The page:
Daily Noontime (Thursday, Nov. 5, 2020)

By Matt Noonan

Welcome to Thursday, everyone!

Hopefully everyone is doing well and thinking optimistically as we anxiously await the outcome of the election. Can it please end today?

Alright, let’s get to some news, beginning with the National Football League (NFL) as part two of the 2020 season begins tonight in Santa Clara, California with the San Francisco 49ers hosting the Green Bay Packers at 8:20 p.m. (eastern).

Here are some pregame reads to get you excited for tonight’s matchup:

Let’s switch gears to basketball – I prefer to call it hoops (ūüėČ)! – as we may know later today if the 2020-21 National Basketball Association (NBA) will tip-off next month or perhaps in mid-January.

As we all know, the 2019-20 season concluded last month in the Orlando, Florida, so the turnaround time would be much shorter than a typical offseason, but according to a few reports, the league is planning to play 72-game season instead of the typical 82-game season.

And finally, here are some additional news and links from the world wide web – have a great day, everyone!

  • According to Sportico‘s Anthony Crupi, ESPN is eliminating 500 jobs.
  • Apparently the first Mid-American Conference (MAC) football game of the 2020 season took place last night and featured a power outage – yikes!
  • While we anxiously await the outcome of the 2020 election, we did learn recently that three more states – Louisiana, Maryland, and Soith Dakota – will allow wagers “on sporting events,” which is good news for DraftKings and FanDuel.
  • Could Alex Cora become the next manager of the Boston Red Sox? It seems like a second stint is possible, according to multiple reports over the past few days, including MLBTradeRumors.com.

Enjoy a BRAND new Noontime Sports Podcast this morning (or afternoon) – today, we welcomed Darryl Konicki, who is the associate commissioner of the Little East Conference (LEC), to discuss the content he and his the league have produced over these past few weeks and months without games being played.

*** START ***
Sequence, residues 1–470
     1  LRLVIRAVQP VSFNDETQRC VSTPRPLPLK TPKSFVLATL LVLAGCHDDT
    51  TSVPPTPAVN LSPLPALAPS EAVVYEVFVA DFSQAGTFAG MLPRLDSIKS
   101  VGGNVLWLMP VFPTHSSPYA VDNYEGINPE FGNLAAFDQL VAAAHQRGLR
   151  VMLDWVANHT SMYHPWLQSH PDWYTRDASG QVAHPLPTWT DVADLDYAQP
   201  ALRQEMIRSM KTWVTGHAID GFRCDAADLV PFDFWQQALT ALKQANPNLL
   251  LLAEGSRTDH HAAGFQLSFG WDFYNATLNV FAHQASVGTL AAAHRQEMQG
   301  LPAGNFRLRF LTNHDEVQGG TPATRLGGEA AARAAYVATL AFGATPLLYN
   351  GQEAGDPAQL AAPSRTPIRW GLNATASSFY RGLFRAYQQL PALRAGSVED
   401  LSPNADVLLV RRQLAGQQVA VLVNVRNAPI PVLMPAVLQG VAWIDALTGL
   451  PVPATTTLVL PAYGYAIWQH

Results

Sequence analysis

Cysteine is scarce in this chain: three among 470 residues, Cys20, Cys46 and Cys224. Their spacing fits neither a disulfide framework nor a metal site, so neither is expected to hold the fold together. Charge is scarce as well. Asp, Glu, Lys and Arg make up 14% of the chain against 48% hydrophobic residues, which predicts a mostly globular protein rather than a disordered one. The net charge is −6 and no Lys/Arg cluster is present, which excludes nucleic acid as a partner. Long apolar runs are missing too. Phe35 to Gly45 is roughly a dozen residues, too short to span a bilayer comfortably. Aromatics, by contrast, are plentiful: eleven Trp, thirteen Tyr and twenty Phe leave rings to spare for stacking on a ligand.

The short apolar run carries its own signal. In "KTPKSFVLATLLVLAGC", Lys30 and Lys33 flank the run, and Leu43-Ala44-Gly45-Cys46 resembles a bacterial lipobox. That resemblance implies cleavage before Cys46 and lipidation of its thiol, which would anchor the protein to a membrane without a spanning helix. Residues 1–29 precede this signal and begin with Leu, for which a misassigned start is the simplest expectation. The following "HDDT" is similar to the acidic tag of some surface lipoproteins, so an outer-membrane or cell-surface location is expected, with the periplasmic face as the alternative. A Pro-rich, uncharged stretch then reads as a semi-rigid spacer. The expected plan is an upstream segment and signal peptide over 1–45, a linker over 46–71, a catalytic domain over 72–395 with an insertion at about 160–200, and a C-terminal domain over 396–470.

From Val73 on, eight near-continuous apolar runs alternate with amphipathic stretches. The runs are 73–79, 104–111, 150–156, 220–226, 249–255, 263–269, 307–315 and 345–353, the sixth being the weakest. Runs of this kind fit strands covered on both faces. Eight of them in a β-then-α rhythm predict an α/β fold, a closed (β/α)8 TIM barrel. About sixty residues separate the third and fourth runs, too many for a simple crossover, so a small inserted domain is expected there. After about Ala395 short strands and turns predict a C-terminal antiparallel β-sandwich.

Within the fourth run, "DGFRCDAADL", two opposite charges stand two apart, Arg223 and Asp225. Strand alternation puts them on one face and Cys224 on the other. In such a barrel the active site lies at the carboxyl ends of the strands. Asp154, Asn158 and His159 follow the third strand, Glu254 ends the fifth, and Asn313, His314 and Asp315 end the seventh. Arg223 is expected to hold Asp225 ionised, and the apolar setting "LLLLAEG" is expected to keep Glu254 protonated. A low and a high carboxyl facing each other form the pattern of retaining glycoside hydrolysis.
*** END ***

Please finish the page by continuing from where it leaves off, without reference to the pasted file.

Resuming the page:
You can listen to today’s podcast on Apple Podcasts, Spotify, Anchor and wherever you get your podcasts!

Daily Noontime (Wednesday, Oct. 28, 2020)

By Matt Noonan

Welcome to Wednesday, everyone!

As usual, hope everyone is doing well, staying safe, and having a great week thus far.

Let’s begin today’s ‘Daily Noontime’ with a tip of the cap – no pun intended, of course! – to the Los Angeles Dodgers, who captured their first World Series crown in 22 seasons last night with a 3-1 win over the Tampa Bay Rays.

Prior to the Dodgers celebrating their city’s second championship this month – the Los Angeles Lakers beat the Miami Heat in the 2020 National Basketball Association (NBA) Finals a few weeks earlier – Justin Turner tested positive for the coronavirus. Had the Rays beaten the Dodgers last night, then the seventh game of the Fall Classic, which was scheduled for this evening, may have been postponed to Thursday or Friday. Maybe Saturday?

And just for those keeping track at home, Mookie Betts, who helped the Boston Red Sox win the 2018 World Series, capped the best-of-seven game series by smacking a home run last night. Can someone please call Bob Lobel and ask him the following: why can’t we get players like Mookie Betts?

According to Scott Soshnick of Sportico, the final-out ball from last night’s sixth game of the World Series is worth $250.000. Anyone interested in purchasing it?

While the Dodgers will certainly receive a great deal of attention, both today and over the next few days for ending one of the craziest seasons in Major League Baseball (MLB) history, one storyline that may not disappear for quite some time will be Kevin Cash‘s decision to yank Blake Snell off the mound in the sixth inning. Was it the right decision?